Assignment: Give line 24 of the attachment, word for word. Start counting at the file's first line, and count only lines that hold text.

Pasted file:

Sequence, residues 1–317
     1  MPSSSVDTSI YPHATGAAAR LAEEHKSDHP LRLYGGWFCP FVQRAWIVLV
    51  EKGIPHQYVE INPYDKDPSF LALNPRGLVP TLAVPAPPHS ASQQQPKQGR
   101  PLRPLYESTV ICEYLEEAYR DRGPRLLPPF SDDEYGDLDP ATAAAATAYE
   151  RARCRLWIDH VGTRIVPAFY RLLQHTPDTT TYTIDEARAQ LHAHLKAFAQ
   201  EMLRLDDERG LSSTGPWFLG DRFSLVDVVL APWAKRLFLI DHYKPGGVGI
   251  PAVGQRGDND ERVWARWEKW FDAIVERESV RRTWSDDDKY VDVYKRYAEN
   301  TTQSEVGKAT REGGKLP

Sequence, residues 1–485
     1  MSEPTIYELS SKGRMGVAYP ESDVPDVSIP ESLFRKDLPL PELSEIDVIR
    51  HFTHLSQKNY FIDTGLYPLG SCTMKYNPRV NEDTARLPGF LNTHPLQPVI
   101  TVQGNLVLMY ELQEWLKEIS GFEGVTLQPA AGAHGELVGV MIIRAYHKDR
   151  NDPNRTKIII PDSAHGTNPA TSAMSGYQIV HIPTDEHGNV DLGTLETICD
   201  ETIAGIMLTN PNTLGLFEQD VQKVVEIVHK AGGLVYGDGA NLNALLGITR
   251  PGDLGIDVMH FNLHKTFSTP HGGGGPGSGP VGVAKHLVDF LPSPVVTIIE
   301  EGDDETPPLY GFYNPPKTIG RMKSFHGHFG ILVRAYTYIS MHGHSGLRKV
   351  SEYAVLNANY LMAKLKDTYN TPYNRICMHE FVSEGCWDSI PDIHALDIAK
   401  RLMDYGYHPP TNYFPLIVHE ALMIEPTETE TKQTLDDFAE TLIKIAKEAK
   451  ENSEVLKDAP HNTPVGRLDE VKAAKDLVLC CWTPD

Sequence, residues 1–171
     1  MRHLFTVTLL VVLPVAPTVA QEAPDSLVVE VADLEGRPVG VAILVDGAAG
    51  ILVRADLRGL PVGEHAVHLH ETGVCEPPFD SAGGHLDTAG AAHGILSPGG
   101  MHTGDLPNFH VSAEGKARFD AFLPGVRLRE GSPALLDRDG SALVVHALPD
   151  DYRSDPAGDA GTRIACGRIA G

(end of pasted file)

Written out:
   151  DYRSDPAGDA GTRIACGRIA G